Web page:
How Tobacco Relates to Health Equity

by Aadhi Sivakumar

Tobacco is a plant grown for its leaves, which is dried and fermented before being placed in tobacco products. It contains a chemical called nicotine, an ingredient that leads to addiction, so it is hard to quit smoking. In 2019, an estimated 14% of adults in the US were current cigarette smokers (Current). Additionally, about 5% of American teens smoked in 2020 (Youth). Although the rate of tobacco use is decreasing, it is still affecting health equity severely, and is impacting marginalized communities as a whole. By burning tobacco, it releases toxins including tar and carbon monoxide. These toxins pollute the environment and cause second-hand smoke, known as Environmental Tobacco Smoke (ETS). ETS is what marginalized groups suffer from, as they breathe in the second-hand smoke caused by Americans. They are receiving social injustice since they are receiving the effects of pollution caused by tobacco but are barely contributing to it. 


According to the National Academy of Sciences which stated that “Scientists calculate that Hispanics on average breathe in 63 percent more of the pollution that leads to heart and breathing deaths than they make. For African-Americans, the figure is 56 percent”(Borenstein). This shows how marginalized groups breathe in more pollution caused by tobacco than they are causing due to the environment they are forced to live in as well as other factors. This percentage of marginalized groups breathing in toxins is significantly greater than whites as the National Academy of Sciences state that “non-Hispanic whites on average are exposed to 17 percent less air pollution than they make” (Borenstein). Again, this emphasizes the relationship between tobacco and health equity as marginalized groups aren’t the one’s contributing as much to our pollution but are the ones who have to suffer from it. Their health equity is reduced significantly as they don’t have the same chance to achieve their best health as non-marginalized groups.


The main reason for this occurrence of why marginalized groups are breathing in more toxins produced by tobacco and other factors is because they are forced to live in less ideal conditions. Often, marginalized groups have to live in dirty environments which are densely polluted. These groups also don’t always have access to hygiene tools so their health equity is lowered as a result. This has always been the cause where African Americans and Latinos were severely affected by the laws put out for them. They had segregation laws in which marginalized groups could only live in red-lined areas; areas in which were worthless and heavily polluted. Now, they are forced to work jobs such as in factories or mining.  According to the Center of American Progress, “Native Hawaiians and Other Pacific Islanders (68.5 percent), people of Two or More Races (66.6 percent), and Hispanics (66.3 percent) had the highest labor force participation rates”(Composition). This explains how marginalized groups have the highest labor force participation such as working in factories. These jobs demand workers to function in  polluted areas which like toxins produced by tobacco are affecting their health.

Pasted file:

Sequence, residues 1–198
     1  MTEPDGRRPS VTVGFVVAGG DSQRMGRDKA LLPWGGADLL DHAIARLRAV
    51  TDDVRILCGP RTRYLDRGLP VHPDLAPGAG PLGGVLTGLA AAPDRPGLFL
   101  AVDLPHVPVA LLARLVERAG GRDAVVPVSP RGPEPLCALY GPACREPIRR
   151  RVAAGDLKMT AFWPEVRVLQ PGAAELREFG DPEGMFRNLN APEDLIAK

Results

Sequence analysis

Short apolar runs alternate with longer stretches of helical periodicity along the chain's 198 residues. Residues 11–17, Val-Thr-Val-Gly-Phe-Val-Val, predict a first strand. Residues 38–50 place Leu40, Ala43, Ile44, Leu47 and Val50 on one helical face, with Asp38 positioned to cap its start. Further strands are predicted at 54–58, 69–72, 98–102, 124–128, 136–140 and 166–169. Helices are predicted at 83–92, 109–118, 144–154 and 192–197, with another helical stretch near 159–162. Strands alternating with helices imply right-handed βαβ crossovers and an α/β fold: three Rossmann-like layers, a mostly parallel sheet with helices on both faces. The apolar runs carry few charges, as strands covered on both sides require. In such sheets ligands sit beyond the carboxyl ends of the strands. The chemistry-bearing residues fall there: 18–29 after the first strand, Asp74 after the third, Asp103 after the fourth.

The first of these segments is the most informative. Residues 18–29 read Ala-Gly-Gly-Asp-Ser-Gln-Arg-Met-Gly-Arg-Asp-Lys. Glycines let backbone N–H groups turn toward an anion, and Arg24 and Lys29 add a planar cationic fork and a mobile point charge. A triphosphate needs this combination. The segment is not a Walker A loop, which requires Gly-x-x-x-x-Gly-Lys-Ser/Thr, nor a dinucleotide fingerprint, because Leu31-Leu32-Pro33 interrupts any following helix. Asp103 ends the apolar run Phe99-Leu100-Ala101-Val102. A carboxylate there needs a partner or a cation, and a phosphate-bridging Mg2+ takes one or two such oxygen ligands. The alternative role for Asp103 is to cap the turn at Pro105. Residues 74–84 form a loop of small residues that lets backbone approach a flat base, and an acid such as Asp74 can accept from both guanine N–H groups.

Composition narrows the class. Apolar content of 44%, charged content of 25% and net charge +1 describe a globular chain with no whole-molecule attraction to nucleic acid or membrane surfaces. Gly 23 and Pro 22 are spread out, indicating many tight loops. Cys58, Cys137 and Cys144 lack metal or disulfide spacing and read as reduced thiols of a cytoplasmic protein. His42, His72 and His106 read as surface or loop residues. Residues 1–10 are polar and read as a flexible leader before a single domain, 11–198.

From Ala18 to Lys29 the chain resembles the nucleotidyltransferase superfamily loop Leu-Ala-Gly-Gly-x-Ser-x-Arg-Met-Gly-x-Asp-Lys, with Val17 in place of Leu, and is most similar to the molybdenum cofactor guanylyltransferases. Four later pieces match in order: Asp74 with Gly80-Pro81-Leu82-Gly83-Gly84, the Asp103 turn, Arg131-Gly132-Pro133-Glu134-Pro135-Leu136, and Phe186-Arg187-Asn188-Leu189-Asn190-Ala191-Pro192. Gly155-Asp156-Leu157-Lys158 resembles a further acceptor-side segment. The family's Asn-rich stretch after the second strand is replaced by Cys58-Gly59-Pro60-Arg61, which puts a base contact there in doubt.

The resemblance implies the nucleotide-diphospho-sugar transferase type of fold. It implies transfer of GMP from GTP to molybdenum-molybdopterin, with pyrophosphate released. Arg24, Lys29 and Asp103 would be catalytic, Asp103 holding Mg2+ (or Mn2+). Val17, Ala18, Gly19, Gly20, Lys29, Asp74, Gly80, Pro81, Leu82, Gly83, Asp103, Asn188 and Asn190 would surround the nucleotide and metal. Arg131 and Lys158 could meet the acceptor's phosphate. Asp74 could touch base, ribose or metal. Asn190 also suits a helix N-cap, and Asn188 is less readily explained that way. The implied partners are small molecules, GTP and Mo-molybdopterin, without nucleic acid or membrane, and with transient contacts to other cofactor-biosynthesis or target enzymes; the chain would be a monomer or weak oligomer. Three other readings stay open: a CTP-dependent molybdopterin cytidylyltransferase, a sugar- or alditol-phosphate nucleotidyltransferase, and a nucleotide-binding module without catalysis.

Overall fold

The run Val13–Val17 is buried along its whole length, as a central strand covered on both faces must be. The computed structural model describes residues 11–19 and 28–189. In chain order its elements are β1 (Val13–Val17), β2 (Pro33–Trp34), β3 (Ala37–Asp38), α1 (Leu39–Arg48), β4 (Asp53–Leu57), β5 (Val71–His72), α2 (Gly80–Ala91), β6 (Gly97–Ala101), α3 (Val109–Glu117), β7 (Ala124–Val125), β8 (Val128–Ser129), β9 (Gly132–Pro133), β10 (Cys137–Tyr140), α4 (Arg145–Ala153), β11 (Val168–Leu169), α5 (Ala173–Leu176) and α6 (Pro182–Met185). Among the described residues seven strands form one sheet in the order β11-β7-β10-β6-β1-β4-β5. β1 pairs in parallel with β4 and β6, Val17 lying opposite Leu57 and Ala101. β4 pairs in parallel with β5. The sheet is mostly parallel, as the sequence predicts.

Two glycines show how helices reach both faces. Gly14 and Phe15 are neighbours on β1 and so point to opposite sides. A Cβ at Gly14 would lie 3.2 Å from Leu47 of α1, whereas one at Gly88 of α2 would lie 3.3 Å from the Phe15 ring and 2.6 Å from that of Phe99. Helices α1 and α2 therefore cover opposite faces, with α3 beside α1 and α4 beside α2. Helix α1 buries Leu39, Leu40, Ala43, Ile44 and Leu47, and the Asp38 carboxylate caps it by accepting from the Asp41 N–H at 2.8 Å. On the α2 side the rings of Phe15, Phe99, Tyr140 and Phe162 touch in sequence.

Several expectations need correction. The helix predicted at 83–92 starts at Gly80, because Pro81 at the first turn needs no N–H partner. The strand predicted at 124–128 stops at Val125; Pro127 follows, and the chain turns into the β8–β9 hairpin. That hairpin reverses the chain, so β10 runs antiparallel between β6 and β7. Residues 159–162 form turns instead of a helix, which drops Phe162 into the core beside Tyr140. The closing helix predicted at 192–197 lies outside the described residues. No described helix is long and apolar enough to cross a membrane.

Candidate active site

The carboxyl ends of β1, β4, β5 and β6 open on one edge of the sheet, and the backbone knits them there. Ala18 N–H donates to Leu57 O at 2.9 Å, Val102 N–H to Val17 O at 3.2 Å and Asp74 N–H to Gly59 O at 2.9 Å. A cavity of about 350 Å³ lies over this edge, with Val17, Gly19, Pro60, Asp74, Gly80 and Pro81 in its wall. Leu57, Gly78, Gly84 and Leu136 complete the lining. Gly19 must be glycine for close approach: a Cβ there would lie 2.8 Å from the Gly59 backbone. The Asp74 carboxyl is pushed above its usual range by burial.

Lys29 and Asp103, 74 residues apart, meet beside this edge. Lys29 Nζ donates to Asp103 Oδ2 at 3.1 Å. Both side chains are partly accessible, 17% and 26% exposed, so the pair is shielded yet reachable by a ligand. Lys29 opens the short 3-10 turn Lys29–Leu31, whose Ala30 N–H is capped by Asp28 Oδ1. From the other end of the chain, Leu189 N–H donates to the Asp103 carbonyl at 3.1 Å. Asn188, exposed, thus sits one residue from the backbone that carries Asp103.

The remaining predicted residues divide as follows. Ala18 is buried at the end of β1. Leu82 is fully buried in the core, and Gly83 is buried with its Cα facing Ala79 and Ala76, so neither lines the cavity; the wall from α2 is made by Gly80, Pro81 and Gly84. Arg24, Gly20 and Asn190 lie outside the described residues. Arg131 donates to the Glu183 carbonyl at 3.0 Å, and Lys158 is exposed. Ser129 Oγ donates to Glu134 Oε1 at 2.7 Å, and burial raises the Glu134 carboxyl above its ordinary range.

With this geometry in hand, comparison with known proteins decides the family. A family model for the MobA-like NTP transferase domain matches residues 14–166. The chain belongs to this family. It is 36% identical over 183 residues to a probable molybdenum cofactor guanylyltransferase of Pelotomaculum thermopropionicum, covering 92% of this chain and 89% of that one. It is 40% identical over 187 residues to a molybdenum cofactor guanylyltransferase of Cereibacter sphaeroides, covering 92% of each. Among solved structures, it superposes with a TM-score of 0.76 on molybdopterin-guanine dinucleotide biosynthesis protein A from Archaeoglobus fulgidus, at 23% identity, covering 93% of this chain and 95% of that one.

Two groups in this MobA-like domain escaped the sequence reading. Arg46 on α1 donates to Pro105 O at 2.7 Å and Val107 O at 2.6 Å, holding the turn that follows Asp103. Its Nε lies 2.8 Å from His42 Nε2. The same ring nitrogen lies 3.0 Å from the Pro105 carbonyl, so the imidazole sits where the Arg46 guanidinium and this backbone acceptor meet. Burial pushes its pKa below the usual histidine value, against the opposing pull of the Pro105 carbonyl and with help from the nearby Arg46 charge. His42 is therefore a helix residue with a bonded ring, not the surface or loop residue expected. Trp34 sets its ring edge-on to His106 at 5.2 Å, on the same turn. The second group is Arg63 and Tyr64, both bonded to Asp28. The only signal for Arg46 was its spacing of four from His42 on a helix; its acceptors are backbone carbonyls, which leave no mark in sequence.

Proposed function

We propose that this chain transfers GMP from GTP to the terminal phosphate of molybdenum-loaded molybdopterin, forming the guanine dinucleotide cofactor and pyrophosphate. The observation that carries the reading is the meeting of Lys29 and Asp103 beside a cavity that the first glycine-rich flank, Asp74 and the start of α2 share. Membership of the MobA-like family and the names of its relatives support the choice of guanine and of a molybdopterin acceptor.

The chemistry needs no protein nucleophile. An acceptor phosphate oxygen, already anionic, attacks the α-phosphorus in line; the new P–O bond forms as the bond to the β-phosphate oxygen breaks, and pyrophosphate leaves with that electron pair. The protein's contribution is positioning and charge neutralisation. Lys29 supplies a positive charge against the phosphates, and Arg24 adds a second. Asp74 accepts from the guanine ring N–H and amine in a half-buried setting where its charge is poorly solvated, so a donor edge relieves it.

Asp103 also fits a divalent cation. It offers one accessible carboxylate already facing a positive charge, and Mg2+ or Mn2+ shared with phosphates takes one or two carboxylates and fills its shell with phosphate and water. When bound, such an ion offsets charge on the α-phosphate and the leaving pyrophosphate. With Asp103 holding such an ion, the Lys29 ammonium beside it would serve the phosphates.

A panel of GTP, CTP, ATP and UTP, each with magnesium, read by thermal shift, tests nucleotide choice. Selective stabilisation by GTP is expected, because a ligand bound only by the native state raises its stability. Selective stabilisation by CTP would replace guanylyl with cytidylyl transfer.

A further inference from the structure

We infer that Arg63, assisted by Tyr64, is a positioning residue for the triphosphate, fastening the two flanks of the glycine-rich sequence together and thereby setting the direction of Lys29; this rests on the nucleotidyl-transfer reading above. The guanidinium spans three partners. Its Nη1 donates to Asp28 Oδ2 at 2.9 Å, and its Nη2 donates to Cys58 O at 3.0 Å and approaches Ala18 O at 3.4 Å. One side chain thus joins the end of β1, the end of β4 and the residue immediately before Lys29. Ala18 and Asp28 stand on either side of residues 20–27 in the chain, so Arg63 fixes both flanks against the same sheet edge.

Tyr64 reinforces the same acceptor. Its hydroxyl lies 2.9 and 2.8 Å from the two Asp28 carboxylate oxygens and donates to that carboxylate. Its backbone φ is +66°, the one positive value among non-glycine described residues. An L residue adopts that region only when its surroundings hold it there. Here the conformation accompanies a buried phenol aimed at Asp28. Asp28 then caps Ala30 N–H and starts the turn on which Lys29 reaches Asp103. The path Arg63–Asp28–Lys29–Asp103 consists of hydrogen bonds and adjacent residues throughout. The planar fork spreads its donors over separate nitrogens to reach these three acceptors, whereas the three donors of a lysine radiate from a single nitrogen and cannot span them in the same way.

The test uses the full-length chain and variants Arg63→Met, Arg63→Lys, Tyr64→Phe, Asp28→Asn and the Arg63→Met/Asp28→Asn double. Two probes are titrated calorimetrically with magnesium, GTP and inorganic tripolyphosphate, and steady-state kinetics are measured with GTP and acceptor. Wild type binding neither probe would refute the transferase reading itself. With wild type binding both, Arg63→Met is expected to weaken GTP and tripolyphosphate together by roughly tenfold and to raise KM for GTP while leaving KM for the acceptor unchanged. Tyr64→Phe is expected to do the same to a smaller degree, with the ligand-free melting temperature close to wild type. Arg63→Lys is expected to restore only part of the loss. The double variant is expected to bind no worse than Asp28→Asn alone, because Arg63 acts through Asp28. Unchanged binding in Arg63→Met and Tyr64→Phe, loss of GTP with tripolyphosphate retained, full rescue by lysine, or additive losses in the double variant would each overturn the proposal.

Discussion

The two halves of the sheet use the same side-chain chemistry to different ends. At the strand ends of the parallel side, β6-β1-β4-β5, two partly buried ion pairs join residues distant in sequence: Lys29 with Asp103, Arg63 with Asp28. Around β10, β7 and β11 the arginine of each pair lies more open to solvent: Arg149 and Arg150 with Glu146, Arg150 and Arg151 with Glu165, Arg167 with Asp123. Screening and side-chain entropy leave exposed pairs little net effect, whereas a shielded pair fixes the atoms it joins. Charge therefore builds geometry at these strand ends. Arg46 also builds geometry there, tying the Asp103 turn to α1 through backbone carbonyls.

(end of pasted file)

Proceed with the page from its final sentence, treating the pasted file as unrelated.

To conclude, tobacco has a direct relationship to health equity as marginalized groups don’t contribute as much to the toxins/pollutants in the air caused by elements such as tobacco but are the ones who have to experience it the most. They breathe in the harmful pollutants and live in unideal environments where they have to suffer and don’t have the opportunity to reach their best health. These cause marginalized groups to experience health problems such as lung cancer and chronic diseases. It may seem as if pollution is slowly affecting our world through global warming, but people don’t realize it is affecting part of the society constantly.

Work Cited

Borenstein, Seth. “Blacks, Hispanics Breathe More Pollution than They Make.” AP NEWS, Associated Press, 11 Mar. 2019,

“Composition of the Labor Force.” U.S. Bureau of Labor Statistics, U.S. Bureau of Labor Statistics, 1 Oct. 2019,

“Current Cigarette Smoking among Adults in the United States.” Centers for Disease Control and Prevention, Centers for Disease Control and Prevention, 10 Dec. 2020,

“Youth and Tobacco Use.” Centers for Disease Control and Prevention, Centers for Disease Control and Prevention, 16 Dec. 2020, 


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